19. Genome Sequence of the Urethral Isolate Pseudomonas aeruginosa RN21

    OpenAIRE

    Wibberg, Daniel; Tielen, Petra; Narten, Maike; Schobert, Max; Blom, Jochen; Schatschneider, Sarah; Meyer, Ann-Kathrin; Neubauer, Rüdiger; Albersmeier, Andreas; Albaum, Stefan; Jahn, Martina; Goesmann, Alexander; Vorhölter, Frank-Jörg; Pühler, Alfred; Jahn, Dieter

    2015-01-01

    Pseudomonas aeruginosa is known to cause complicated urinary tract infections (UTI). The improved 7.0-Mb draft genome sequence of P. aeruginosa RN21, isolated from a patient with an acute UTI, was determined. It carries three (pro)phage genomes, genes for two restriction/modification systems, and a clustered regularly interspaced short palindromic repeats (CRISPR)/CRISPR-associated (Cas) system.

  20. Membrane-bound respiratory chain of Pseudomonas aeruginosa grown aerobically.

    OpenAIRE

    Matsushita, K.; Yamada, M.; Shinagawa, E; Adachi, O; Ameyama, M

    1980-01-01

    The electron transport chain of the gram-negative bacterium Pseudomonas aeruginosa, grown aerobically, contained a number of primary dehydrogenases and respiratory components (soluble flavin, bound flavin, coenzyme Q9, heme b, heme c, and cytochrome o) in membrane particles of the organism. Cytochrome o, about 50% of the b-type cytochrome, seemed to function as a terminal oxidase in the respiratory chain. The electron transport chain of P. aeruginosa grown aerobically was suggested to be line...

  1. Pseudomonas aeruginosa PAO1 Kills Caenorhabditis elegans by Cyanide Poisoning

    OpenAIRE

    Gallagher, Larry A.; Manoil, Colin

    2001-01-01

    In this report we describe experiments to investigate a simple virulence model in which Pseudomonas aeruginosa PAO1 rapidly paralyzes and kills the nematode Caenorhabditis elegans. Our results imply that hydrogen cyanide is the sole or primary toxic factor produced by P. aeruginosa that is responsible for killing of the nematode. Four lines of evidence support this conclusion. First, a transposon insertion mutation in a gene encoding a subunit of hydrogen cyanide synthase (hcnC) eliminated ne...

  2. Distribution and Inhibition of Liposomes on Staphylococcus aureus and Pseudomonas aeruginosa Biofilm.

    Directory of Open Access Journals (Sweden)

    Dong Dong

    Full Text Available Staphylococcus aureus and Pseudomonas aeruginosa are major pathogens in chronic rhinosinusitis (CRS and their biofilms have been associated with poorer postsurgical outcomes. This study investigated the distribution and anti-biofilm effect of cationic (+ and anionic (- phospholipid liposomes with different sizes (unilamellar and multilamellar vesicle, ULV and MLV respectively on S. aureus and P. aeruginosa biofilms.Specific biofilm models for S. aureus ATCC 25923 and P. aeruginosa ATCC 15692 were established. Liposomal distribution was determined by observing SYTO9 stained biofilm exposed to DiI labeled liposomes using confocal scanning laser microscopy, followed by quantitative image analysis. The anti-biofilm efficacy study was carried out by using the alamarBlue assay to test the relative viability of biofilm treated with various liposomes for 24 hours and five minutes.The smaller ULVs penetrated better than larger MLVs in both S. aureus and P. aeruginosa biofilm. Except that +ULV and -ULV displayed similar distribution in S. aureus biofilm, the cationic liposomes adhered better than their anionic counterparts. Biofilm growth was inhibited at 24-hour and five-minute exposure time, although the decrease of viability for P. aeruginosa biofilm after liposomal treatment did not reach statistical significance.The distribution and anti-biofilm effects of cationic and anionic liposomes of different sizes differed in S. aureus and P. aeruginosa biofilms. Reducing the liposome size and formulating liposomes as positively charged enhanced the penetration and inhibition of S. aureus and P. aeruginosa biofilms.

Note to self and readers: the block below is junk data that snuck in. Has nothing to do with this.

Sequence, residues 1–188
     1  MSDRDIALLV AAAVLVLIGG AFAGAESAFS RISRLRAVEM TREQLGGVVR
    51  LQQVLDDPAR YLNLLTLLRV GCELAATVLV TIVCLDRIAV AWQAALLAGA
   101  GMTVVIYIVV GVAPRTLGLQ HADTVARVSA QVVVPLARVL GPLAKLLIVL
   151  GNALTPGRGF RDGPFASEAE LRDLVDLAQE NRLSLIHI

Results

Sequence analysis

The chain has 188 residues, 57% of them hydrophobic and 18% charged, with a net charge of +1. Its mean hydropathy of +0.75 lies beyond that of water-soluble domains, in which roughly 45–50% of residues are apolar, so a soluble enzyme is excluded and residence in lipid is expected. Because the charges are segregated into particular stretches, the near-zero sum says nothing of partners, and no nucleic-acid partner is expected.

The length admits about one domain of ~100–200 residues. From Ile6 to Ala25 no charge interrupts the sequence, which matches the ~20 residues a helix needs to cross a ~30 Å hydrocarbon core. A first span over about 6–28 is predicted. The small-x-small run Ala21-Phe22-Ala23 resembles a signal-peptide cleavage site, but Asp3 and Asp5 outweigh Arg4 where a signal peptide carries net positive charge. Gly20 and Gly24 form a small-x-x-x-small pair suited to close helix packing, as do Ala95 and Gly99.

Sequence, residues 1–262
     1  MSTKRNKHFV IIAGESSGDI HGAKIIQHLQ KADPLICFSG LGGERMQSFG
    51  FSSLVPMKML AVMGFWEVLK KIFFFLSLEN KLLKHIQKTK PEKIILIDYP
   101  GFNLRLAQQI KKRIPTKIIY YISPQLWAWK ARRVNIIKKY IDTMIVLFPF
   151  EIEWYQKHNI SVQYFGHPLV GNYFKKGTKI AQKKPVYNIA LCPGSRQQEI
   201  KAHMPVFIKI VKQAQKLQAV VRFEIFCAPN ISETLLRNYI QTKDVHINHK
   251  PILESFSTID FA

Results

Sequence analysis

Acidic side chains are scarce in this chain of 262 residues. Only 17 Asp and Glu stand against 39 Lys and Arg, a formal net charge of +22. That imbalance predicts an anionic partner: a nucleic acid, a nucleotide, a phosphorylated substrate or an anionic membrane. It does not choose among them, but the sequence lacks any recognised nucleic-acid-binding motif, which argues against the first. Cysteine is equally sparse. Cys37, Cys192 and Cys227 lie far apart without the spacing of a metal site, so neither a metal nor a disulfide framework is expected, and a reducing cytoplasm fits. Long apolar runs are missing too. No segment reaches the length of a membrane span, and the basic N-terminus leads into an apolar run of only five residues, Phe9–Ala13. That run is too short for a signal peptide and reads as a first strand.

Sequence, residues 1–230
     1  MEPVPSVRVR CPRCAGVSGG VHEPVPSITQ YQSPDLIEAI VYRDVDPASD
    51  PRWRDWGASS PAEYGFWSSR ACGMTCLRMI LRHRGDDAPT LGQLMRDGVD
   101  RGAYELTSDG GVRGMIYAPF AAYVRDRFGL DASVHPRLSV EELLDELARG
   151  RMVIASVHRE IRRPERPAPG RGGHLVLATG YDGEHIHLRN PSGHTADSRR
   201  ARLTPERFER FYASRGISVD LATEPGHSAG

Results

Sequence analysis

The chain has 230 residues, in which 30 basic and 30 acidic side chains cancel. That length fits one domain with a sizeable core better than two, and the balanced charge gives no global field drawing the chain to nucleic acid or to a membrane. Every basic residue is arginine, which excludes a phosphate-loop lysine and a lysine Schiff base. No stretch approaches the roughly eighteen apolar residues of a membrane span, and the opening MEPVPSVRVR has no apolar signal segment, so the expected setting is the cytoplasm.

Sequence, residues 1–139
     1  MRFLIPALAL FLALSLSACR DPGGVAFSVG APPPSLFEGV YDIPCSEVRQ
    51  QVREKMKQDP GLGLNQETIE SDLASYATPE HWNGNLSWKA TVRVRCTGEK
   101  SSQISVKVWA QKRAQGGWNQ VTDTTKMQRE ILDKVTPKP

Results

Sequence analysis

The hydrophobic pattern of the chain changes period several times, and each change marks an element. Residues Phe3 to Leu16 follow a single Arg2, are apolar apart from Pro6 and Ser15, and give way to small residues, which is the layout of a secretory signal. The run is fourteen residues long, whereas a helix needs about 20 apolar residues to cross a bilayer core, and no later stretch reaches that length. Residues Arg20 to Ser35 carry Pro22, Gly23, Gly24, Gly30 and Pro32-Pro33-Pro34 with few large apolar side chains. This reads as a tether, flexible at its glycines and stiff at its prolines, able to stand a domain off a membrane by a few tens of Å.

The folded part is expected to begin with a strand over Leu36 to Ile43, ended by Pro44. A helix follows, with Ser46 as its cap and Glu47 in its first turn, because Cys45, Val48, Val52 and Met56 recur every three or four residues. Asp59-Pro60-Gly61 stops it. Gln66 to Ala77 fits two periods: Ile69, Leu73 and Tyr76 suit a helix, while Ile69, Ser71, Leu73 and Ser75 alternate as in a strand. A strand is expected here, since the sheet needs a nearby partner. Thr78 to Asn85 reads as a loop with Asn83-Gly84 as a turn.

3. Anionic fluoroquinolones as antibacterials against biofilm-producing Pseudomonas aeruginosa.

    Science.gov (United States)

    Long, Timothy E; Keding, Lexie C; Lewis, Demetria D; Anstead, Michael I; Withers, T Ryan; Yu, Hongwei D

    2016-02-15

    Pseudomonas aeruginosa is a common biofilm-forming bacterial pathogen implicated in diseases of the lungs. The extracellular polymeric substances (EPS) of respiratory Pseudomonas biofilms are largely comprised of anionic molecules such as rhamnolipids and alginate that promote a mucoid phenotype. In this Letter, we examine the ability of negatively-charged fluoroquinolones to transverse the EPS and inhibit the growth of mucoid P. aeruginosa. Anionic fluoroquinolones were further compared with standard antibiotics via a novel microdiffusion assay to evaluate drug penetration through pseudomonal alginate and respiratory mucus from a patient with cystic fibrosis.

  4. Antibacterial activity of five Peruvian medicinal plants against Pseudomonas aeruginosa

    Institute of Scientific and Technical Information of China (English)

    Gabriela; Ulloa-Urizar; Miguel; Angel; Aguilar-Luis; María; del; Carmen; De; Lama-Odría; José; Camarena-Lizarzaburu; Juana; del; Valle; Mendoza